Tuesday, 27 August 2013

Cartajima

Much like the Smurfs themselves, Júzcar is small and does not boast too many alternatives for lunching. Village's Smurf-themed hotel has a small restaurant, but neither one of us was kiddy enough to get giddy over the thought of a Smurf-themed burger menu. So, we made the executive decision to keep driving to a nearby village of Cartajima, where the hotel Los Castanos was said to celebrate local produce on its menu.





Cartajima in itself is one of the small and quiet villages of Serrania de Ronda bit a couple of hundred residents. The seemingly generic appearance belies a long and rich history though, dating back to Moorish times. It gets its name from Arabic, the original name translating as "the farmhouse of Aljaima". First Christian texts write the name as Xaritalxime. 

Following Reconquista at the end of the 15th century the Muslim population was evicted resulting in the death of many surrounding villages. In the Independence War 1808-1814 the village boasts having been in crucial part in defeating the French.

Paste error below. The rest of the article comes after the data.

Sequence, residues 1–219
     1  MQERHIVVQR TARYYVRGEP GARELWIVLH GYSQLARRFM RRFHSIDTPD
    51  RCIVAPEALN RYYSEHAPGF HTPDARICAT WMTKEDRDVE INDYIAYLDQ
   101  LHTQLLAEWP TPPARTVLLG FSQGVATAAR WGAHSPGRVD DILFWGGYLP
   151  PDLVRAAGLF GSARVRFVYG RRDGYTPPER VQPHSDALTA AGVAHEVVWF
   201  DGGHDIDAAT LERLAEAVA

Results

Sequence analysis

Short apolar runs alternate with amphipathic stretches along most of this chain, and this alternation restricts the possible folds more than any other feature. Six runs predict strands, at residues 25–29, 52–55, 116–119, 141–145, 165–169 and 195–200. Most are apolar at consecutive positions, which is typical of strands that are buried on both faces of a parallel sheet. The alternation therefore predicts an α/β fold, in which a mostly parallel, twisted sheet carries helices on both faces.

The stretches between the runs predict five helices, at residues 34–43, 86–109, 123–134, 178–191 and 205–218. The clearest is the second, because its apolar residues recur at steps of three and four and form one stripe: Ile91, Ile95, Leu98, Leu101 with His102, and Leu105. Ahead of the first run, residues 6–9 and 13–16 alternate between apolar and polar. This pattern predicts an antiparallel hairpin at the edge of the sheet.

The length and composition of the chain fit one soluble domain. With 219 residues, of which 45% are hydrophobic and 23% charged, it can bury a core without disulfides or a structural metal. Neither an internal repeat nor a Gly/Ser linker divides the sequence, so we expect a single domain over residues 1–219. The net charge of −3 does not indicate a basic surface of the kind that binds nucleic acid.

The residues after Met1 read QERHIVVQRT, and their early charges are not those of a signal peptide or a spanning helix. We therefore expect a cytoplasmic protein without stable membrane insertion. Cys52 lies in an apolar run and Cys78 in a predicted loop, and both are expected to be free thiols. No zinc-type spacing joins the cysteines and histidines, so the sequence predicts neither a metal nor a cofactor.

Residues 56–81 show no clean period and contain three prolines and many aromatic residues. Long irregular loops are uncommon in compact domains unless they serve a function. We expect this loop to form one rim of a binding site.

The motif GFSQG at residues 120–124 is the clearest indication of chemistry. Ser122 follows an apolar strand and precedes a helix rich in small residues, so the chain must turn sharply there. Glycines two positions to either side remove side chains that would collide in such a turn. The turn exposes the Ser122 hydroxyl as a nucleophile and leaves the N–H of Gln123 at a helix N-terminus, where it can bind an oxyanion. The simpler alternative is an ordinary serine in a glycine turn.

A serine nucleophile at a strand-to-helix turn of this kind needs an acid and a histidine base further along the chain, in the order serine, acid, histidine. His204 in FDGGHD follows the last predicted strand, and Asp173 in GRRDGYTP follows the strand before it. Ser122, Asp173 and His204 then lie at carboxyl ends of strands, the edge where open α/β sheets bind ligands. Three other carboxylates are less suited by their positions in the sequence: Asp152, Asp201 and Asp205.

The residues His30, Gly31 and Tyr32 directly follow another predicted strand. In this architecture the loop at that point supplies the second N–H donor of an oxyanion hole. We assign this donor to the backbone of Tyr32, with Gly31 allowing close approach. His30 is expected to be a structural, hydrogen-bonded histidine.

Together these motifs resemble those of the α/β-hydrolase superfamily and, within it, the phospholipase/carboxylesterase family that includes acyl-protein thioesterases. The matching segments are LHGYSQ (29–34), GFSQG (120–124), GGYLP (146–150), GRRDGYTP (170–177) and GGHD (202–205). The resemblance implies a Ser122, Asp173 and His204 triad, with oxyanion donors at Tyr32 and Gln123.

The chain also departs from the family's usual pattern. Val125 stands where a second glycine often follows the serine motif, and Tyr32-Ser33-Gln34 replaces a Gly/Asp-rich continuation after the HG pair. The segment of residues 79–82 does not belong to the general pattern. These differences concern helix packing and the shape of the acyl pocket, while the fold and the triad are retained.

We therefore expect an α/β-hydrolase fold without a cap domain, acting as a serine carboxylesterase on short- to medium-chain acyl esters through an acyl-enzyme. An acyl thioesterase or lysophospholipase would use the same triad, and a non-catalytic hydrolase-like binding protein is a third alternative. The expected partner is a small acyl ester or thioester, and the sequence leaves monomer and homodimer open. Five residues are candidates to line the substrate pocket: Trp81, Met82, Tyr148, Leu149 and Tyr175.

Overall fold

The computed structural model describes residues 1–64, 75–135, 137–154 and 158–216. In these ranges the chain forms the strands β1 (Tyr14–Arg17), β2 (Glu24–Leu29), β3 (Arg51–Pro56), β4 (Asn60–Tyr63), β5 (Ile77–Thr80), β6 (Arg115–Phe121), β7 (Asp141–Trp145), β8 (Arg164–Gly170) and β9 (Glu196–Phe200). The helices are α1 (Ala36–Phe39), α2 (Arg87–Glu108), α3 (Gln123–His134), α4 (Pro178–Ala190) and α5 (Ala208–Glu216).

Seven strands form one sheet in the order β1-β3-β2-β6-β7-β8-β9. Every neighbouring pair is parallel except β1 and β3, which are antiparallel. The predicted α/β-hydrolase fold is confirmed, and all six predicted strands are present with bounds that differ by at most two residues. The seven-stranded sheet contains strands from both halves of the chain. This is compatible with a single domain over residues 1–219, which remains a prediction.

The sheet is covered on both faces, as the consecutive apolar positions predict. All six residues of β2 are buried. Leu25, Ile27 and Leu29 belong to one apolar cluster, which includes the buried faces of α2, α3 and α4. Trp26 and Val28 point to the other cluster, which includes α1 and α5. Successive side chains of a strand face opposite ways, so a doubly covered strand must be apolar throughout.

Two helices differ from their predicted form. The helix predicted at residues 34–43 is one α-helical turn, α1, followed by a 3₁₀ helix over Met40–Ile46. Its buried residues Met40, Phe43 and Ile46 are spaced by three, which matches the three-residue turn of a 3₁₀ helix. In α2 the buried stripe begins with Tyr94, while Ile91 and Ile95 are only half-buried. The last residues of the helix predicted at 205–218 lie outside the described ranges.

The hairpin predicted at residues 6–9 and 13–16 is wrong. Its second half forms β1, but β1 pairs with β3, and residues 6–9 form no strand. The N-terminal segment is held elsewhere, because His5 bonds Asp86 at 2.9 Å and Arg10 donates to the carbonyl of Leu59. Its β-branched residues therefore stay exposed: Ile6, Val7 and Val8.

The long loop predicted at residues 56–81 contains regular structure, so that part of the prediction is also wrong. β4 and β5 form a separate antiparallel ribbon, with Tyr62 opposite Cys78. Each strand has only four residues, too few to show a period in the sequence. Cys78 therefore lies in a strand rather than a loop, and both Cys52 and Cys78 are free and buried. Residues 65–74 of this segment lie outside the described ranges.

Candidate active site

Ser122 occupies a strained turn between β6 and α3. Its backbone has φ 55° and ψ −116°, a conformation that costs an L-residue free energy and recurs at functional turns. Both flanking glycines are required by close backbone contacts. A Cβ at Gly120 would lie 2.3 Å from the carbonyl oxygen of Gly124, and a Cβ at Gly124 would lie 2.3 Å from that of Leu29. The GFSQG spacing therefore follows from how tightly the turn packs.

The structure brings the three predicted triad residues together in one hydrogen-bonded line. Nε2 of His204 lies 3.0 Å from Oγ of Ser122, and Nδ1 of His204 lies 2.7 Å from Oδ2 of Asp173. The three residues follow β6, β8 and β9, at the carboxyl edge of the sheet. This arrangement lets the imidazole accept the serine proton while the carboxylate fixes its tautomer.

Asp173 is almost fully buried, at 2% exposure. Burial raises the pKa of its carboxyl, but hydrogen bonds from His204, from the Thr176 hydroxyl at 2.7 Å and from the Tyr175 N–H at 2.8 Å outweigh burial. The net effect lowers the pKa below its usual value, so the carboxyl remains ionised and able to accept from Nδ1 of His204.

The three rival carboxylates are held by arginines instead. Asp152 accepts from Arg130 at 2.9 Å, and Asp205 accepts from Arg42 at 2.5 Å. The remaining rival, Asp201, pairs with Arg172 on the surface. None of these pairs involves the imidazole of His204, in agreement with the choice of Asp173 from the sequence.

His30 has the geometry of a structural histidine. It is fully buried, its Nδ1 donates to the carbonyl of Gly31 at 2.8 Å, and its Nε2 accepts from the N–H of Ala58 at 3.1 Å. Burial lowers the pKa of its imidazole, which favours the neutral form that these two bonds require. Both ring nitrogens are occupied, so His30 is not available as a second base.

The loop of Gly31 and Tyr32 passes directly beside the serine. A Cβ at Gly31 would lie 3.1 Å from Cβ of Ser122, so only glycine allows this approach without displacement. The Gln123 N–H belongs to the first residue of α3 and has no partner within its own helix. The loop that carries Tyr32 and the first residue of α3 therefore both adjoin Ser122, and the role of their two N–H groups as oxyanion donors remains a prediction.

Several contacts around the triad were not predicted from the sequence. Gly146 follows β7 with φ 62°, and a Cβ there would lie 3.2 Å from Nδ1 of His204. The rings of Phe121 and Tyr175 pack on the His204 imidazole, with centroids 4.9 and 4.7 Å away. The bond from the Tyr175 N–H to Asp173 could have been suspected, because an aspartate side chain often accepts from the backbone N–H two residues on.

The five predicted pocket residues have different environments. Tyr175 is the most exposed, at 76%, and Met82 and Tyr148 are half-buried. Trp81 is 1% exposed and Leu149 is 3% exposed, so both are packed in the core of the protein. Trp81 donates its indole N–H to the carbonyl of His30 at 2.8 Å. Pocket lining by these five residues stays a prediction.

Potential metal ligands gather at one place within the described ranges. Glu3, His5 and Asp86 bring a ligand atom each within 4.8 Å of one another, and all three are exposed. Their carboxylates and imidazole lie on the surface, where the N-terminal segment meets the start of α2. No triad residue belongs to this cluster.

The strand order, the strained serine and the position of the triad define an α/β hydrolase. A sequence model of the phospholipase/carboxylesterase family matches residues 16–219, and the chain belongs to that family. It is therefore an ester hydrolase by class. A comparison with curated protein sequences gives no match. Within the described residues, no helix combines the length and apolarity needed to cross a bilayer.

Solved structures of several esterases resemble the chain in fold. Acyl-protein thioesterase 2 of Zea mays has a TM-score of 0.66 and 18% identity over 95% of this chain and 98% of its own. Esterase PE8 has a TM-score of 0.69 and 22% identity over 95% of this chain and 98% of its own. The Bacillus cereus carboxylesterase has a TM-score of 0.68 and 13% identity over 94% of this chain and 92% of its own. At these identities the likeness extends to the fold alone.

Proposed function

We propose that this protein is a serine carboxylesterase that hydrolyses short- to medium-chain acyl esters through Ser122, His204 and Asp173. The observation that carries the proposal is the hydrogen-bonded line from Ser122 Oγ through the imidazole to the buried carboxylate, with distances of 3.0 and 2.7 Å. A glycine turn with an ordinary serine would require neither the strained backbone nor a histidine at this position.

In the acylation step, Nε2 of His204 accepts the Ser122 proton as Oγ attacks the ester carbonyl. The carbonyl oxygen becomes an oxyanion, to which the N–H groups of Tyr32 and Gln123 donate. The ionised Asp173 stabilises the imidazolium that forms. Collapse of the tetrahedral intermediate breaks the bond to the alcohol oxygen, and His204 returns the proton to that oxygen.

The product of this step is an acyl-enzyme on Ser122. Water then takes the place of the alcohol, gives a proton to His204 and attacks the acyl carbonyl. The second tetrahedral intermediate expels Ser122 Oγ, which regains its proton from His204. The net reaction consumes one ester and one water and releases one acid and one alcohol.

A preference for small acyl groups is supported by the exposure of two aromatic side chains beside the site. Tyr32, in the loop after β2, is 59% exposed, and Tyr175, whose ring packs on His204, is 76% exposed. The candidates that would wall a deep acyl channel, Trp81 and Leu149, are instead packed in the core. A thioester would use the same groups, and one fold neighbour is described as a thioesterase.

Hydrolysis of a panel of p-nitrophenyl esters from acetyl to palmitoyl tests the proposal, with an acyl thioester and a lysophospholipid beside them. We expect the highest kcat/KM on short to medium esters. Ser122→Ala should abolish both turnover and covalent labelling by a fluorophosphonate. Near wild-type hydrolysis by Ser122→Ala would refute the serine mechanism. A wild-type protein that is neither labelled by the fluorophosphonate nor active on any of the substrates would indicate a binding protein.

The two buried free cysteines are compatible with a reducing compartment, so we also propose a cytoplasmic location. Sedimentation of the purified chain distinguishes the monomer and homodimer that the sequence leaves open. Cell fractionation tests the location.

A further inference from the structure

The area used to be famous for its wine, but the industry was served a lethal blow in the form of phylloxera. Now, slowly but surely, its making a comeback though.

Today the villages reminds me of the wilting little towns back home, each year with less and less people, each year just a little closer to the inevitable death. The post office has been closed for years and the village shop is about to follow. People are getting older and older as the youth faces the move to the big cities in the South in the search of jobs and better life.





Fería had recently been celebrated here, too. This is their celebrated patron saint.




At this point even the religion buff that is yours truly found herself baffled. Are they all just interchangeable names for the Virgin Mary that enjoys a rock star-like popularity throughout the Catholic world or have there really been enough virgins to go around for each village? And if so, is their miraculous status result of anything other than the fact that they managed to avoid the temptations of happy hour at Weatherspoon?







Only the flags dancing in the afternoon wind over the narrow alleyways bore testament to the recent celebrations. The streets were empty, no living soul anywhere. The lanterns lighting the night falling on the village had already been put away and were collecting dust at the corner of the city hall. The only sounds were the muffled voices of a family getting together for lunch at the back room of the village's tiny tobacco shop.






And the hotel? Cerrado. Closed.

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